I am a 60 year old female who has been married for 27 years. Six years ago I was let go from my job after 18 years of service (I worked with my husband). A year later I became really depressed and physically ill. I was later told that I had Major Depressive disorder and fibromyalgia. It was at this point my marriage troubles started. My husband began coming home from work each night and verbally abusing me to the point that I had considered suicide. Fortunately I got help through a therapist about that but my husband continued to berate me with words like your not sick just lazy, (the list goes on). Tried lots of marriage fixing such as counseling, (he would not go) to exercise, yoga etc. Fast forward to the present. I got on a new medication and following the advice of my therapist started going out with friends more and during one of these outings I got the chance to start working doing promotion work within the music industry. During this work I made new friends and one of whom I became fairly close with advised me to try again with my marriage. Oh my husband gives me such a hard time about my new found job and friends. I now see that what I want out of this prison called my marriage but I am fearful about being alone at my age. What will happen if I get really sick again or just end up being alone all the time, I’m scared and need advice from someone who is not so close to the trees, if you get my drift. Signed Really confused.
My bf’s moodiness came out after 3 months. I was shocked thinking “what is this? ?”. Then it happened more and more often. Walking on eggshells. .he does go to therapy but unfortunately I don’t think it works. He had a traumatic childhood. He acknowledges he’s depressed and takes medication but he will not admit to being moody. I’m so happy go lucky and laid back that at first I just thought I could pull him out of his moods no problem. But after a while it became exhausting and I realized this was his job not mine. It’s tough-never really goes away. I do love him but if I had known this from the beginning I’d have moved on. Also he wants me with him 24/7. So giving him space doesn’t even work.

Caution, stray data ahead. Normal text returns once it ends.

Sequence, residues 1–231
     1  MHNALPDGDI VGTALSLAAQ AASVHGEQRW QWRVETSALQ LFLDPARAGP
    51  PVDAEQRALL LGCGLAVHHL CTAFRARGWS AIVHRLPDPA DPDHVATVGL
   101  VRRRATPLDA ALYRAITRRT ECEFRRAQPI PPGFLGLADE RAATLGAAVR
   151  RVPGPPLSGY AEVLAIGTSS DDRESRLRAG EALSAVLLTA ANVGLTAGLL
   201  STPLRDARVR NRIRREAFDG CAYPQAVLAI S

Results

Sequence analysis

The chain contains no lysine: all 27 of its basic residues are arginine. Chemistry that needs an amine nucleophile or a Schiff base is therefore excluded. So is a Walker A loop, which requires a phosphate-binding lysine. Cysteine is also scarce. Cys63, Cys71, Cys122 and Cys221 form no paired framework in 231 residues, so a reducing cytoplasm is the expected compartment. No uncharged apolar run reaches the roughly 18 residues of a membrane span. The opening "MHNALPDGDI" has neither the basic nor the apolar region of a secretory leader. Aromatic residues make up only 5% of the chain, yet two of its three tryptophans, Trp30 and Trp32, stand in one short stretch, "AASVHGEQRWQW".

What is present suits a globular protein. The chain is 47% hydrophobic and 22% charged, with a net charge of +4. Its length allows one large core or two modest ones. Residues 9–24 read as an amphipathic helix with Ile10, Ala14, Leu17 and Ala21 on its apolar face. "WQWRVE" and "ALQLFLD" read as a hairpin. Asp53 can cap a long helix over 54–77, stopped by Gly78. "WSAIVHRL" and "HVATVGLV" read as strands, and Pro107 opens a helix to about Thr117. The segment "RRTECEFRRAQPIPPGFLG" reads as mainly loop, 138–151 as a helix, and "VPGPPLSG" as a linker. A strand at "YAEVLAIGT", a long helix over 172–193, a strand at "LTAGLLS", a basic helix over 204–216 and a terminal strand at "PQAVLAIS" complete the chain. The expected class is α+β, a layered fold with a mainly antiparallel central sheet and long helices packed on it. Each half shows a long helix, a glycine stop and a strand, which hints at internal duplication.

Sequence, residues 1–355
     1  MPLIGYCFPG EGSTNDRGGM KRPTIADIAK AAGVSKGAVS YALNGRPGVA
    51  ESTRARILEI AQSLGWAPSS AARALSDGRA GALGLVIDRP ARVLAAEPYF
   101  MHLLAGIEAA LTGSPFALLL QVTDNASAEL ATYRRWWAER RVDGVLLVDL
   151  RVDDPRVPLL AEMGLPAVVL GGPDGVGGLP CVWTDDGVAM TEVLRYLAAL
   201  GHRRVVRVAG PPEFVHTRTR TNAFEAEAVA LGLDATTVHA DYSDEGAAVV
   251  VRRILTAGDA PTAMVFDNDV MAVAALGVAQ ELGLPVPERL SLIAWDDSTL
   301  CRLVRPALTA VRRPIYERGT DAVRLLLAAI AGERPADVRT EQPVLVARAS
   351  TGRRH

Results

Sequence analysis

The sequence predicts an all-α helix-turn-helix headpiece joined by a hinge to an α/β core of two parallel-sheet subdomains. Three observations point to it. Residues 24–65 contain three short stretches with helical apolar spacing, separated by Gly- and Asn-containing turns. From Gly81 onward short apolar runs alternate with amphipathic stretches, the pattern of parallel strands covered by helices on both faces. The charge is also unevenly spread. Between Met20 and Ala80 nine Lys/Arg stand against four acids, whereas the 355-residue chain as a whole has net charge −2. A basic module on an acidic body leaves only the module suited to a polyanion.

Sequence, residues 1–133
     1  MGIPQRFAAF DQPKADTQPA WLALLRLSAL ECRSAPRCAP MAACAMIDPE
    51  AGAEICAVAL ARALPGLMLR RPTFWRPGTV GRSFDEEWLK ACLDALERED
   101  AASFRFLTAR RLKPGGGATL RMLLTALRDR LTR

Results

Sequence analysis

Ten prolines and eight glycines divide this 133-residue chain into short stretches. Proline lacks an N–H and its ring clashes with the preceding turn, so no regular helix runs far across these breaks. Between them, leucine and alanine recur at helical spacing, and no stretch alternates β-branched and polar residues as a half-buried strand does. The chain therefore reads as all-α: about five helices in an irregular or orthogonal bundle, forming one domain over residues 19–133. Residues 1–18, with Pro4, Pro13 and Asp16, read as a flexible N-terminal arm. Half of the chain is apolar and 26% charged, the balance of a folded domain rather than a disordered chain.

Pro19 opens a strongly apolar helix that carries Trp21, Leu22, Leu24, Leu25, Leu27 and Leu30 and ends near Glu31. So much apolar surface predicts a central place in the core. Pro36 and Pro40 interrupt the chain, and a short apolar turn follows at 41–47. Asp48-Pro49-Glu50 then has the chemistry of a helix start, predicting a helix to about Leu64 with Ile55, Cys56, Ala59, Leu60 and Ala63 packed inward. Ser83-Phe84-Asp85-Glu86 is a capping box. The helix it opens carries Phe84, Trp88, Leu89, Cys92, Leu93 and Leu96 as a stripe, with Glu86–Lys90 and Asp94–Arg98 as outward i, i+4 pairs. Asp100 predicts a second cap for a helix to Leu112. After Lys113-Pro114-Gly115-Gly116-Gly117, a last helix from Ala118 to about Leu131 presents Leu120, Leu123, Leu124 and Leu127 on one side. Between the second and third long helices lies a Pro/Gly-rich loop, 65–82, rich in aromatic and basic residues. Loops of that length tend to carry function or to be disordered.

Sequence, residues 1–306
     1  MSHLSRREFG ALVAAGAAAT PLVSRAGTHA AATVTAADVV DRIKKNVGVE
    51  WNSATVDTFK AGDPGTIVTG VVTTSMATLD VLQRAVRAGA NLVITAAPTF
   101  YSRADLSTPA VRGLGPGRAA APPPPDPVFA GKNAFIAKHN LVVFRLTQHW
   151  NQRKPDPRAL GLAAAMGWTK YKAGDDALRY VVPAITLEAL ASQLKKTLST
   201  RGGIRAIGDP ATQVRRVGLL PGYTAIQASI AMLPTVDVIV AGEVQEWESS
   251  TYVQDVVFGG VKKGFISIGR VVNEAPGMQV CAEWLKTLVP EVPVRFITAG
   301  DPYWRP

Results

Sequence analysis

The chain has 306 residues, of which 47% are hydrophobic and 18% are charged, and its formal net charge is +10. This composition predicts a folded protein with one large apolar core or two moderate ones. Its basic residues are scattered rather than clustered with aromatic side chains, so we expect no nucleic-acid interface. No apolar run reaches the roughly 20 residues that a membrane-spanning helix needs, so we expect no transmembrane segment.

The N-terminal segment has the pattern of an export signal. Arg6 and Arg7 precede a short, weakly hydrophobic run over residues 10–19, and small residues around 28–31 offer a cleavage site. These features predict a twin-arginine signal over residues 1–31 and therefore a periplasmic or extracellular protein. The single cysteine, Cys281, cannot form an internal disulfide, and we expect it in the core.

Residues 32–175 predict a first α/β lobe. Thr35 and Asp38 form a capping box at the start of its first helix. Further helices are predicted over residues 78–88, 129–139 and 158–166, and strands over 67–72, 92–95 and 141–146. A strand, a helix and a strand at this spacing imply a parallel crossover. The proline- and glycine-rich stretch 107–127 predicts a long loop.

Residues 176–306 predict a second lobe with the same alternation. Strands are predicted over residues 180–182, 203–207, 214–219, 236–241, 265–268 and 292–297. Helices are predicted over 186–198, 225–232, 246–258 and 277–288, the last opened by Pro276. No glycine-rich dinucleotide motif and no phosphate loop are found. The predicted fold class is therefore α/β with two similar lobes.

When your husband is feeling under the weather, take care of him. Don't make fun of him because he's acting like a baby. Most likely, he is acting like a baby, but let him know you are there for him. Make him his favorite meal, go to the store to get medicine, and let him watch his favorite TV show. In the same respect, if he is just having a crappy day, give him his space and let him know that you are there for him if he needs you.
I don’t know if it’s a sign your marriage is over, for many reasons. First, only you and your spouse can make this decision! Second, some married couples vacation separately and say it’s what keeps their marriage healthy and happy. Third, does your wife even want to vacation with you? Maybe she doesn’t enjoy it either! And fourth, how is your marriage outside of your vacations? If you’re both happy with your relationship all the time except for when you’re on holidays, then maybe it’s just one of those quirky things in your relationship.
“For example, by law a married woman is bound to her husband as long as he is alive, but if her husband dies, she is released from the law of marriage. So then, if she marries another man while her husband is still alive, she is called an adulteress. But if her husband dies, she is released from that law and is not an adulteress, even though she marries another man.” Romans 7:2-3